Research Papers:

Association of mutation and expression of the brother of the regulator of imprinted sites (BORIS) gene with breast cancer progression

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Oncotarget. 2023; 14:528-541. https://doi.org/10.18632/oncotarget.28442

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Mohammad Salman Akhtar _, Naseem Akhter, Arshi Talat, Raed A. Alharbi, Abdulmajeed A.A. Sindi, Faisal Klufah, Hanan E. Alyahyawi, Abdulmohsen Alruwetei, Abrar Ahmad, Mazin A. Zamzami, SVS Deo, Syed Akhtar Husain, Osama A. Badi and Mohammad Jahir Khan


Mohammad Salman Akhtar1,2, Naseem Akhter2,8, Arshi Talat3, Raed A. Alharbi4, Abdulmajeed A.A. Sindi1, Faisal Klufah4, Hanan E. Alyahyawi4, Abdulmohsen Alruwetei5, Abrar Ahmad6, Mazin A. Zamzami6, SVS Deo7, Syed Akhtar Husain2, Osama A. Badi6 and Mohammad Jahir Khan9

1 Department of Basic Medical Sciences, Faculty of Applied Medical Sciences, Al-Baha University, Al-Baha, Saudi Arabia

2 Department of Biosciences, Faculty of Natural Sciences, Jamia Millia Islamia, New Delhi, India

3 Department of Orthodontics and Dentofacial Orthopedics, ITS Dental College, Hospital and Research Centre, Greater Noida, Delhi-NCR, India

4 Department of Laboratory Medicine, Faculty of Applied Medical Sciences, Al-Baha University, Al-Baha, Saudi Arabia

5 Department of Medical Laboratory, College of Applied Medical Sciences, Qassim University, Qassim, Saudi Arabia

6 Department of Biochemistry, Faculty of Science, King Abdulaziz University, Jeddah, Saudi Arabia

7 Department of Surgical Oncology, BRA- IRCH, All India Institute of Medical Sciences (AIIMS), New Delhi, India

8 Department of Neurology, Henry Ford Health System, Detroit, MI 48202, USA

9 School of Biotechnology, Jawahar Lal Nehru University, New Delhi, India

Correspondence to:

Mohammad Salman Akhtar, email: [email protected],
[email protected]

Keywords: BORIS; breast cancer; mutation; transcription factor; PCR-SSCP

Received: February 06, 2023     Accepted: May 05, 2023     Published: May 26, 2023

Copyright: © 2023 Akhtar et al. This is an open access article distributed under the terms of the Creative Commons Attribution License (CC BY 3.0), which permits unrestricted use, distribution, and reproduction in any medium, provided the original author and source are credited.


Introduction: The BORIS, 11 zinc-finger transcription factors, is a member of the cancer-testis antigen (CTA) family. It is mapped to chromosome number 20q13.2 and this region is genetically linked to the early onset of breast cancer. The current study analyzed the correlation between BORIS mutations and the expression of the protein in breast cancer cases.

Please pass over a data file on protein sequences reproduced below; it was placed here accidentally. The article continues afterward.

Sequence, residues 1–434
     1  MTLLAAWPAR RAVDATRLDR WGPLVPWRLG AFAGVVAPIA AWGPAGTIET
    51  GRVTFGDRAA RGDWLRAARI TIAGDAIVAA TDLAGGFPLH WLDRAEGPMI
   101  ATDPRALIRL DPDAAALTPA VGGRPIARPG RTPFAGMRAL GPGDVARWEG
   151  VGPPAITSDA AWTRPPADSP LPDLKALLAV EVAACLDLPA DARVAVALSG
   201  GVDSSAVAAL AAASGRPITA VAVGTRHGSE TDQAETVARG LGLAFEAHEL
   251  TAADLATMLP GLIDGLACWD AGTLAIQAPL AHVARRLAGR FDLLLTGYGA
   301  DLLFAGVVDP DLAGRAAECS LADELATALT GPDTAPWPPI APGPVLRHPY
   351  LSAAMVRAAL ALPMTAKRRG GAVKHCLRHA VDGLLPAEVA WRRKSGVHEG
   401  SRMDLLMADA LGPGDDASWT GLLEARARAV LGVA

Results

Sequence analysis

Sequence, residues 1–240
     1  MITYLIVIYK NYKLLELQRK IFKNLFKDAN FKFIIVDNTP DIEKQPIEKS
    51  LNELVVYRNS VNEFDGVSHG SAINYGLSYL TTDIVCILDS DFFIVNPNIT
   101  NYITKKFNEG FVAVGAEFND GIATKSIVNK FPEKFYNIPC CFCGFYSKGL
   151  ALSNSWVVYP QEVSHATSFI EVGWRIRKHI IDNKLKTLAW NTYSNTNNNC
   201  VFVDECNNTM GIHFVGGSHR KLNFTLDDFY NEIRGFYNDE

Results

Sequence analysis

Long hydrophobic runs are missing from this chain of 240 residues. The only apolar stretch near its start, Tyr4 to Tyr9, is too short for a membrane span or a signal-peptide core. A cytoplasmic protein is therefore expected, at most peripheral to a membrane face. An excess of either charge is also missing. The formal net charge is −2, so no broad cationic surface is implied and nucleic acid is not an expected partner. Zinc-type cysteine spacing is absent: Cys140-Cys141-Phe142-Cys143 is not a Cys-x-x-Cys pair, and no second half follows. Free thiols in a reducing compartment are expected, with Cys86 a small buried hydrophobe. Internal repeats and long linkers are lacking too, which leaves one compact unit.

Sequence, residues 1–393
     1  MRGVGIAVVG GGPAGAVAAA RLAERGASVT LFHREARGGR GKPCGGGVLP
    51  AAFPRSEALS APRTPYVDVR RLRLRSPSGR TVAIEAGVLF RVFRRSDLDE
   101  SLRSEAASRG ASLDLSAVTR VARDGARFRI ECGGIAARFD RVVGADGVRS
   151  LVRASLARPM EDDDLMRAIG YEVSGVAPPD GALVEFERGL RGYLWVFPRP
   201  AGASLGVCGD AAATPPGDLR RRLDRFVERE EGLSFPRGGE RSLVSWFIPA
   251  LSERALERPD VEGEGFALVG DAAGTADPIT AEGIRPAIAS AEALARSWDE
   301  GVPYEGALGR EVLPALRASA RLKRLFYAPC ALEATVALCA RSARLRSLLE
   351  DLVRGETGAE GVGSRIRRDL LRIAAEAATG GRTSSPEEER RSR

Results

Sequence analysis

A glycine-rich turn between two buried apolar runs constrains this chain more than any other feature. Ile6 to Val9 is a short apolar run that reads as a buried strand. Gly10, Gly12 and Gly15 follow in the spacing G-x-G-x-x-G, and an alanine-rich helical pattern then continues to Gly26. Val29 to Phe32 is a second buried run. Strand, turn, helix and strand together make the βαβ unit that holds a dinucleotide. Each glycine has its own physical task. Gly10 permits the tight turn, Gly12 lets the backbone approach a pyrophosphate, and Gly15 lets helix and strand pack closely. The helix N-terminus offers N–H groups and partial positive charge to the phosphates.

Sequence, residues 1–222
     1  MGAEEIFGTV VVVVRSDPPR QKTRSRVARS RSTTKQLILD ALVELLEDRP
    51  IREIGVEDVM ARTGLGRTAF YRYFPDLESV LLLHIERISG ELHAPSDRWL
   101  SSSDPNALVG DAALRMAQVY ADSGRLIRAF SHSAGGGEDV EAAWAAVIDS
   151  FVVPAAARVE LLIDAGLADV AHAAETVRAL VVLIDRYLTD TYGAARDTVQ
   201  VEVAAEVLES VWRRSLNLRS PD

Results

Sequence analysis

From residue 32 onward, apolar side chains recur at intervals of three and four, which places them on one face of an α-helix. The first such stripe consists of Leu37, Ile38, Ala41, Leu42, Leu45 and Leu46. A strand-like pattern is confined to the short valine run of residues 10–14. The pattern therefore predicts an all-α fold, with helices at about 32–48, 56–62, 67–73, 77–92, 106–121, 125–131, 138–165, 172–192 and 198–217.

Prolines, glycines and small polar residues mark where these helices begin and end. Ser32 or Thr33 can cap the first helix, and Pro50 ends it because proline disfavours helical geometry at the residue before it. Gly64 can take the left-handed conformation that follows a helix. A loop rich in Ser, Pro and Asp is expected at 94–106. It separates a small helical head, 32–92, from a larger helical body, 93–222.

Materials and Methods: A population-based study including a total of 155 breast cancer tissue samples and an equal number of normal adjacent tissues from Indian female breast cancer patients was carried out. Mutations of the BORIS gene were detected by polymerase chain reaction-single standard confirmation polymorphisms (PCR-SSCP) and automated DNA sequencing and by immunohistochemistry for BORIS protein expression were performed. The observed findings were correlated with several clinicopathological parameters to find out the clinical relevance of associations.

Results: Of all the cases 16.12% (25/155) showed mutations in the BORIS gene. The observed mutations present on codon 329 are missense, leading to Val> Ile (G>A) change on exon 5 of the BORIS gene. A significant association was observed between mutations of the BORIS gene and some clinicopathological features like nodal status (p = 0.013), estrogen receptor (ER) expression (p = 0.008), progesterone receptor (PR) expression (p = 0.039), clinical stage (p = 0.010) and menopausal status (p = 0.023). The protein expression analysis showed 20.64% (32/155) samples showing low or no expression (+), 34.19% (53/155) with moderate expression (++), and 45.17% (70/155) showing high expression (+++) of BORIS protein. A significant association was observed between the expression of BORIS protein and clinicopathological features like clinical stage (p = 0.013), nodal status (p = 0.049), ER expression (p = 0.039), and PR expression (p = 0.027). When mutation and protein expression were correlated in combination with clinicopathological parameters a significant association was observed in the category of high (+++) level of BORIS protein expression (p = 0.017).

Conclusion: The BORIS mutations and high protein expression occur frequently in carcinoma of the breast suggesting their association with the onset and progression of breast carcinoma. Further, the BORIS has the potential to be used as a biomarker.